Garth Greenwell is the author of Mitko, which won the 2010 Miami University Press Novella Prize and was a finalist for both the Edmund White Debut Fiction Award and a Lambda Award. He is currently an Arts Fellow at the University of Iowa Writers' Workshop.


Strangers Raise Thousands of Dollars for Bisexual Teen Kicked Out by Parents: VIDEO

Nick, a freshman at Kennesaw State University, was kicked out of his family's home in mid-October after his father and step-mother found out that he is bisexual. Left without a car, and with very few possessions (which his family threw onto the front yard while he was at work), Nick is now on the mend, having been taken in by a work relation, Steve Bevers. Bevers set up a crowd-funding page on GoFundMe to help Nick pay for a place of his own as well as a car that would allow him to get back and forth from his college.

NickbigeorgiaHuffPost reports on the effort:

"When I heard about what happened to Nick I was flabbergasted," Bevers said in a statement to The Huffington Post. "I couldn't understand how a parent could do that. While I'm sure there are multiple sides to the story, I just was amazed. I was hurt. The first thing I asked was, 'Does he need a place to stay? Does he need some money?'"

According to a statement on the GoFundMe page, Bevers believes, "[Nick] has felt that the people most responsible for loving and protecting him through anything have turned their backs and don't care where he's sleeping, or how he's going to feed himself." He added, "We're working to show Nick that he is loved, even by strangers. That the horrible acts of some people will not be enough to stop him, and that with the help of people everywhere, he can get through this."

In just a few days, nearly 400 people have donated more than $12,000.

Nick uploaded several videos over the past couple of weeks thanking those who have donated and telling his story. He has said that he is working on registering for his spring semester and plans to buy a car with the donated funds. Both Nick and Bevers have expressed their awe at the kindness of strangers.

In response to the already incredible success of the GoFundMe campaign, Bevers told The Huffington Post, "[I am] absolutely blown away. Amazed, humbled, and once again, I had my faith in humanity restored. Bad things happen -- that will always be the truth. But what this showed me is that people want to help. People want to give, and to trust."

Watch Nick tell his story, AFTER THE JUMP...

Continue reading "Strangers Raise Thousands of Dollars for Bisexual Teen Kicked Out by Parents: VIDEO" »


Ghanaian President Would Rather Not Discuss Gay Marriage

Ghanaian President John Dramani Mahama paid a visit to Kennesaw State University for the school's final portion of its year long study of the Republic of Ghana. The Year of Ghana marked the 29th annual country study for the University; next year, Japan.

MahamaghanaIn his discussion with University president Dan Papp, Mahama was cagey regarding his opinions on same-sex marriage, opting to discuss the Ghanaian public's feelings on the matter.  Earlier this year, however, Towleroad reported on his more staunchly anti-gay stance: "Homosexual conduct which is unnatural carnal knowledge of one person or another is criminal and punishable by the laws of Ghana."

The Marietta Daily Journal reports:

Mahama was asked on Monday whether he supported gay rights in Ghana, specifically gay marriage. 

“Well, like you’re saying, even here the question is not settled,” Mahama said, referring to how some states in the U.S. allow gay marriage and some do not. “It’s controversial. And it’s the same, it’s controversial everywhere else, especially in Africa. It’s a difficult situation, but I guess it’s something that –– it’s very difficult to comment on because often it creates more problems. People have a certain cultural hostility towards it, but I believe that laws must prevail. For instance, people must not be beaten or killed because of their sexual orientation, but in my country there is a strong cultural hostility towards it.”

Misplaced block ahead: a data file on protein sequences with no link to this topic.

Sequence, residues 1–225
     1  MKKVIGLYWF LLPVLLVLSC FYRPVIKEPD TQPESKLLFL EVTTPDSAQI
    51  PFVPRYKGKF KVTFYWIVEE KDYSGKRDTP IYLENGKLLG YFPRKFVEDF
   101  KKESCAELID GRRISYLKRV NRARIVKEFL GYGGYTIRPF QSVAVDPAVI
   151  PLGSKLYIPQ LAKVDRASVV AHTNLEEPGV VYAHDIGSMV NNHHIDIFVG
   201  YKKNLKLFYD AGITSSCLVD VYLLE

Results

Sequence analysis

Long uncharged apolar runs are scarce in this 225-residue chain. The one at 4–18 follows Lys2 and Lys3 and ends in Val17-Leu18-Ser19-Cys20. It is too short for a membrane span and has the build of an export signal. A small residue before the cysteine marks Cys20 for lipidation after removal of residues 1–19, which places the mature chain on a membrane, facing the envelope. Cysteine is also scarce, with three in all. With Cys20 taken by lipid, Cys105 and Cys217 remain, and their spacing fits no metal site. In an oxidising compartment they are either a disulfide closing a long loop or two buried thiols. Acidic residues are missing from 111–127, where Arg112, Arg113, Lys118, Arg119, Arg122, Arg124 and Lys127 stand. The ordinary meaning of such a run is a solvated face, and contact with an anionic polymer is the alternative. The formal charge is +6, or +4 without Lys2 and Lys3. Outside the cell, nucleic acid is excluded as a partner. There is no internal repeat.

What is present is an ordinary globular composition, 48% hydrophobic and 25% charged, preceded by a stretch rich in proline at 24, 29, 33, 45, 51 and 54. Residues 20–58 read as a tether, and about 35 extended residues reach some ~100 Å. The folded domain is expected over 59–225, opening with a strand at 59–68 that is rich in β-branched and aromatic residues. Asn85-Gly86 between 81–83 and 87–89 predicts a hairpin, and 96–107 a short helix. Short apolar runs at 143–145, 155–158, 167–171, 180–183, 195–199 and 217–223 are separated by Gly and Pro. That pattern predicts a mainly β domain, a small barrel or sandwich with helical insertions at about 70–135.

Mahama laughed when asked if he would support gay marriage in Ghana in the future. 

“It’s very difficult for me to ... I’d rather not comment on it,” he said. 

Mahama's visit to the University marks the first time the school has hosted a current head of state.


Georgian President Warns of Putin's Anti-Gay Influence in Ex-Soviet States

SaakashviliAt the United Nations General Assembly last week, outgoing Georgian President Mikheil Saakashvili expressed growing concern that Russia's anti-gay law is being used by Putin to gain influence in ex-Soviet states. Buzzfeed reports that Saakashvili also used his address to rail against Putin's larger foreign policy, calling it "fueled by intolerance." 

Saakashvili says the Kremlin's embrace of anti-gay policies is Putin's last despereate attempt to rein in his old empire. "He had nothing to offer to his former zone of influence. He has no soft power. He has no economic benefits to offer them," Saakashvili says. "So what he's telling them: 'OK, Europe is promising you much more, it's a better market, they might give you subsidies, they might give you lots of new opportunities and openings. But what you should know is Europe is all about gay rights. If you go to Europe, your family values will be undermined, your traditions will be destroyed. So we as Ortodox unity, we should stick together.'"

The larger issue of Russia's using its anti-gay regime as a rallying point is vital to understanding Putin's underlying motivations and goals. Indeed, many ex-Soviet States such as Ukraine and Armenia have already followed in Russia's footsteps in considering "gay propaganda" bans of their own. Saakashvili's concern is that this wave of anti-gay pressure inspired by Russia's law may eventually spread to Georgia and lead to even greater hostility towards the country's LGBT community. Back in May, we reported on the horrific footage of thousands of people - led by Orthodox priests -attacking Gay Pride marchers in Tblisi, Georgia

Saakashvili, to his credit, acknowledged that Georgia still has a long ways to go before attitudes towards homosexuality line up with Westernized attitudes. But he doesn't see it as much more than growing pains. 

"It's all about way of life, it's not about gay pride or whether your son will become gay because you are in Europe or Russia," he said. "This is all about whether political opponents are held in prison, whether there is freedom of speech, free elections, meritocracy or nepotism, criminal authorities directing everything. It's really fundamental issues that are at stake."